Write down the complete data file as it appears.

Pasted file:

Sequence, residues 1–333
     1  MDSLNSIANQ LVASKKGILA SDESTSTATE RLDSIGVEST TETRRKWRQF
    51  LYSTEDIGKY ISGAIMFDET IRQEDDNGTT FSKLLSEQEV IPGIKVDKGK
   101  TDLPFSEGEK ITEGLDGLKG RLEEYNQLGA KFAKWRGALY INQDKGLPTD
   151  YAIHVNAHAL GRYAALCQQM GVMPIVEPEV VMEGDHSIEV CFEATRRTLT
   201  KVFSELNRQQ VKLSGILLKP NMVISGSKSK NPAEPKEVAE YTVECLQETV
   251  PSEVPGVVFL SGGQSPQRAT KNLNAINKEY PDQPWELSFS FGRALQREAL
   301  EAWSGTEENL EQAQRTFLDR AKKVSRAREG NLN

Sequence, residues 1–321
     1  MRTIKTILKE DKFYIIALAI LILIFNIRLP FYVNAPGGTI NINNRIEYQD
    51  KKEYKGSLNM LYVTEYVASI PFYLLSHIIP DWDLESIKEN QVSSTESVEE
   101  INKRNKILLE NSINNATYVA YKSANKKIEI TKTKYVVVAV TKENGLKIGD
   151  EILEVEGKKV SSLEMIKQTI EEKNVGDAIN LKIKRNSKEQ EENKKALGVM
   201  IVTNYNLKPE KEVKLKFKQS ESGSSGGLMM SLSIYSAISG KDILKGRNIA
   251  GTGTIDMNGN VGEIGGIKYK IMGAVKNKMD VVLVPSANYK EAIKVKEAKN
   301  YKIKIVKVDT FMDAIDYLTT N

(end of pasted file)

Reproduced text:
Sequence, residues 1–333
     1  MDSLNSIANQ LVASKKGILA SDESTSTATE RLDSIGVEST TETRRKWRQF
    51  LYSTEDIGKY ISGAIMFDET IRQEDDNGTT FSKLLSEQEV IPGIKVDKGK
   101  TDLPFSEGEK ITEGLDGLKG RLEEYNQLGA KFAKWRGALY INQDKGLPTD
   151  YAIHVNAHAL GRYAALCQQM GVMPIVEPEV VMEGDHSIEV CFEATRRTLT
   201  KVFSELNRQQ VKLSGILLKP NMVISGSKSK NPAEPKEVAE YTVECLQETV
   251  PSEVPGVVFL SGGQSPQRAT KNLNAINKEY PDQPWELSFS FGRALQREAL
   301  EAWSGTEENL EQAQRTFLDR AKKVSRAREG NLN

Sequence, residues 1–321
     1  MRTIKTILKE DKFYIIALAI LILIFNIRLP FYVNAPGGTI NINNRIEYQD
    51  KKEYKGSLNM LYVTEYVASI PFYLLSHIIP DWDLESIKEN QVSSTESVEE
   101  INKRNKILLE NSINNATYVA YKSANKKIEI TKTKYVVVAV TKENGLKIGD
   151  EILEVEGKKV SSLEMIKQTI EEKNVGDAIN LKIKRNSKEQ EENKKALGVM
   201  IVTNYNLKPE KEVKLKFKQS ESGSSGGLMM SLSIYSAISG KDILKGRNIA
   251  GTGTIDMNGN VGEIGGIKYK IMGAVKNKMD VVLVPSANYK EAIKVKEAKN
   301  YKIKIVKVDT FMDAIDYLTT N